The USPSTF considered the magnitude of these harms associated with screening and diagnostic procedures to be at least small.

    Harms Related to Treatment of Screen-Detected Cancer

    Adequate evidence shows that nearly 90% of men with PSA-detected prostate cancer in the United States have early treatment with surgery, radiation, or androgen deprivation therapy. Adequate evidence shows that up to 5 in 1000 men will die within 1 month of prostate cancer surgery and between 10 and 70 men will have serious complications but survive. Radiotherapy and surgery result in long-term adverse effects, including urinary incontinence and erectile dysfunction in at least 200 to 300 of 1000 men treated with these therapies. Radiotherapy is also associated with bowel dysfunction.
    Some clinicians have used androgen deprivation therapy as primary therapy for early-stage prostate cancer, particularly in older men, although this is not a U.S. Food and Drug Administration (FDA)–approved indication and it has not been shown to improve survival in localized prostate cancer. Adequate evidence shows that androgen deprivation therapy for localized prostate cancer is associated with erectile dysfunction (in approximately 400 of 1000 men treated), as well as gynecomastia and hot flashes.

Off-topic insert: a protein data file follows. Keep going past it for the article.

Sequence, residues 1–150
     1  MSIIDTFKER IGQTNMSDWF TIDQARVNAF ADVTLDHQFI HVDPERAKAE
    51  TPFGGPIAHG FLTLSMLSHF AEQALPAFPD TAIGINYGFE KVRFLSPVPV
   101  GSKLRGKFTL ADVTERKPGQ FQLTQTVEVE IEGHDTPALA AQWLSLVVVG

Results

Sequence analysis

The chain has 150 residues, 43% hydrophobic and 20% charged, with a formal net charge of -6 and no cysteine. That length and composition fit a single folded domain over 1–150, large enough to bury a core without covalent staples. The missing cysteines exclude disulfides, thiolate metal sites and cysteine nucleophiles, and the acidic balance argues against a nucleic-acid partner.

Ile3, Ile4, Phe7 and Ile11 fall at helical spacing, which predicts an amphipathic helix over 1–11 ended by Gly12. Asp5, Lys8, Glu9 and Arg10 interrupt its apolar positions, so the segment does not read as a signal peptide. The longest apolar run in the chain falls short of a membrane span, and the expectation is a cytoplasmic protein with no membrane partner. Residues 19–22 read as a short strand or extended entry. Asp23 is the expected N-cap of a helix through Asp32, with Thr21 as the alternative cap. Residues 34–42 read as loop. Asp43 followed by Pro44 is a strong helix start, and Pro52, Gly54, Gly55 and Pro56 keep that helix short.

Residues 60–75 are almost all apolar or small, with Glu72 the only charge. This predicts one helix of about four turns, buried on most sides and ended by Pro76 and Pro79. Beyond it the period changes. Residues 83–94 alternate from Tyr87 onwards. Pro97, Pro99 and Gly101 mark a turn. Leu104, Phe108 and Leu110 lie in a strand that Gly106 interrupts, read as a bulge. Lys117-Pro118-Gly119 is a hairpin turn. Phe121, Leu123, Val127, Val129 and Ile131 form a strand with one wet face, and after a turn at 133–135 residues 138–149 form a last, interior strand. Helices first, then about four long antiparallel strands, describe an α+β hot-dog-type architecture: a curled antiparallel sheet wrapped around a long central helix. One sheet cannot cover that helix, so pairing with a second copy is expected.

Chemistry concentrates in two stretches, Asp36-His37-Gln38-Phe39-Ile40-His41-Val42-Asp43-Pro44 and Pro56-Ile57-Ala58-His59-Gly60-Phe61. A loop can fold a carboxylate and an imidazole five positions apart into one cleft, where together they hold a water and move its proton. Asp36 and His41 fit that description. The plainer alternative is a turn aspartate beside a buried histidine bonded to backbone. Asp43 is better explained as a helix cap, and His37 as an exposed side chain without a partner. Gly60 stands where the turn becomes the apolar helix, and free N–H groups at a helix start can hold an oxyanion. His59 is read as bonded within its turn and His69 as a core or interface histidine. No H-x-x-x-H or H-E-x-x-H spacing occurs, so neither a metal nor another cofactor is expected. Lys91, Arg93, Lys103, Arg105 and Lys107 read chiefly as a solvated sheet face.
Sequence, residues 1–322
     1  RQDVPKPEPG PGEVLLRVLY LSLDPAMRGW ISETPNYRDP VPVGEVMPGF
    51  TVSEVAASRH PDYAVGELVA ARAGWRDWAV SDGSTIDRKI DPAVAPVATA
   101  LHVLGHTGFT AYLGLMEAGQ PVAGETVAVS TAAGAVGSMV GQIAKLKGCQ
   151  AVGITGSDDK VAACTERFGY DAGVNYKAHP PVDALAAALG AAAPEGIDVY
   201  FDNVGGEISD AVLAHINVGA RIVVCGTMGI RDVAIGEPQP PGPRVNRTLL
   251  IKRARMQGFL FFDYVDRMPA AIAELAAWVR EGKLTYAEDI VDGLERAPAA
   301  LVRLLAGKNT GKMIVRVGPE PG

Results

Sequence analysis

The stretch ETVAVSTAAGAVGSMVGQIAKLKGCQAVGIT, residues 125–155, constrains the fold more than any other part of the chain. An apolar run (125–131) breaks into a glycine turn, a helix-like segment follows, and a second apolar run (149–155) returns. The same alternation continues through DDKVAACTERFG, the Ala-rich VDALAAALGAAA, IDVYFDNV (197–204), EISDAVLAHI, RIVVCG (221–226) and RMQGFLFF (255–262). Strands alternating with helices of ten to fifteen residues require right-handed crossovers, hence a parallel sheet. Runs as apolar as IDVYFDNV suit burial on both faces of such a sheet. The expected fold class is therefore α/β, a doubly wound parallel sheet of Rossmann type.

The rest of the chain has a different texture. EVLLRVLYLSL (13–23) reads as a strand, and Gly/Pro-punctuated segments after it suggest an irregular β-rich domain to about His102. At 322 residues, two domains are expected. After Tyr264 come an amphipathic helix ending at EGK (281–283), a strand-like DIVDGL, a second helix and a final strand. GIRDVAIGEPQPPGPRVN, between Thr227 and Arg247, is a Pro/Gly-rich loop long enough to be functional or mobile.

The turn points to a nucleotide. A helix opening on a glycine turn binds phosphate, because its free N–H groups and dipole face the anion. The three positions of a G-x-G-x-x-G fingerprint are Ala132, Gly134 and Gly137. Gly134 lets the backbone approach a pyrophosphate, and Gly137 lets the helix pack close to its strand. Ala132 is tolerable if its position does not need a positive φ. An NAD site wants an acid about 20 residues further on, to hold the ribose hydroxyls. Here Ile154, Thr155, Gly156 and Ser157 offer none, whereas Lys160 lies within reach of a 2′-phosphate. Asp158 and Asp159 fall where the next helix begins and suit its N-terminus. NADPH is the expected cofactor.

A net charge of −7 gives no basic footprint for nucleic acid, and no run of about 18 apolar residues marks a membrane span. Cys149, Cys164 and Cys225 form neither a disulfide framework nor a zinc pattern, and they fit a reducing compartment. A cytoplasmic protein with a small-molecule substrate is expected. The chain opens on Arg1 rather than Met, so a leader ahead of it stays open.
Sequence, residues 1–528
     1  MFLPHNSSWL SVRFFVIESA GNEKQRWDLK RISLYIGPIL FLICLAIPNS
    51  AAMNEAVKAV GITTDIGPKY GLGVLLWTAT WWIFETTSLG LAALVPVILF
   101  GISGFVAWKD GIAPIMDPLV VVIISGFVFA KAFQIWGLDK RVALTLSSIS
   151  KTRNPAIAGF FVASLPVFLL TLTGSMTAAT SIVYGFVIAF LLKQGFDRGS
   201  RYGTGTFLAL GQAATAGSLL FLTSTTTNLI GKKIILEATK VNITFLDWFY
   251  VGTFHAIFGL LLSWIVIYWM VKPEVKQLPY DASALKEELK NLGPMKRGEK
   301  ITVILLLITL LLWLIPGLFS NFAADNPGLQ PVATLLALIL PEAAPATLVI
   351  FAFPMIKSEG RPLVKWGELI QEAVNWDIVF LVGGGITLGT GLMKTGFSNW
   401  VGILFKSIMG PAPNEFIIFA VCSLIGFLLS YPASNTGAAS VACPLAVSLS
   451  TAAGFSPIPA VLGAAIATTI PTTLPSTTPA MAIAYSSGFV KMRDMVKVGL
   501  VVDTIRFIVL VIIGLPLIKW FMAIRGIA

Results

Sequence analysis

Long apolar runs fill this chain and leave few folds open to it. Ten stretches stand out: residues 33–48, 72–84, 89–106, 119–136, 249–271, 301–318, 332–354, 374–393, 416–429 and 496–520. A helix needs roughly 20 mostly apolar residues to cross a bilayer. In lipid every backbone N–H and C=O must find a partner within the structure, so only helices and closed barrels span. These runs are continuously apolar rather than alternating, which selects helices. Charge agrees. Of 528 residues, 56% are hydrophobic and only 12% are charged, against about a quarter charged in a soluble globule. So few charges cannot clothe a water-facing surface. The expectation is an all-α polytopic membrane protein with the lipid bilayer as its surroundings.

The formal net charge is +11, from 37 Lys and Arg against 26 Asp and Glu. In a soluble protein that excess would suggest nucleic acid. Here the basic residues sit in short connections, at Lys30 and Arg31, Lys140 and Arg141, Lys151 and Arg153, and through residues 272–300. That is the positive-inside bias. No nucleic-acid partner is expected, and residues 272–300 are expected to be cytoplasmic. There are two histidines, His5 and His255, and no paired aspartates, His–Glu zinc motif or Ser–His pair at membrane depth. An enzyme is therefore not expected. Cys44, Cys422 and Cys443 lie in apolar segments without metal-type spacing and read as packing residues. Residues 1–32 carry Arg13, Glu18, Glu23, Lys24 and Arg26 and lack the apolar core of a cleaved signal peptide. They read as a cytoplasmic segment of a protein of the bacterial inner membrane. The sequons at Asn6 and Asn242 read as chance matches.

There is convincing evidence that PSA-based screening leads to substantial overdiagnosis of prostate tumors. The amount of overdiagnosis of prostate cancer is of important concern because a man with cancer that would remain asymptomatic for the remainder of his life cannot benefit from screening or treatment. There is a high propensity for physicians and patients to elect to treat most cases of screen-detected cancer, given our current inability to distinguish tumors that will remain indolent from those destined to be lethal. Thus, many men are being subjected to the harms of treatment of prostate cancer that will never become symptomatic. Even for men whose screen-detected cancer would otherwise have been later identified without screening, most experience the same outcome and are, therefore, subjected to the harms of treatment for a much longer period of time. There is convincing evidence that PSA-based screening for prostate cancer results in considerable overtreatment and its associated harms.
    The USPSTF considered the magnitude of these treatment-associated harms to be at least moderate.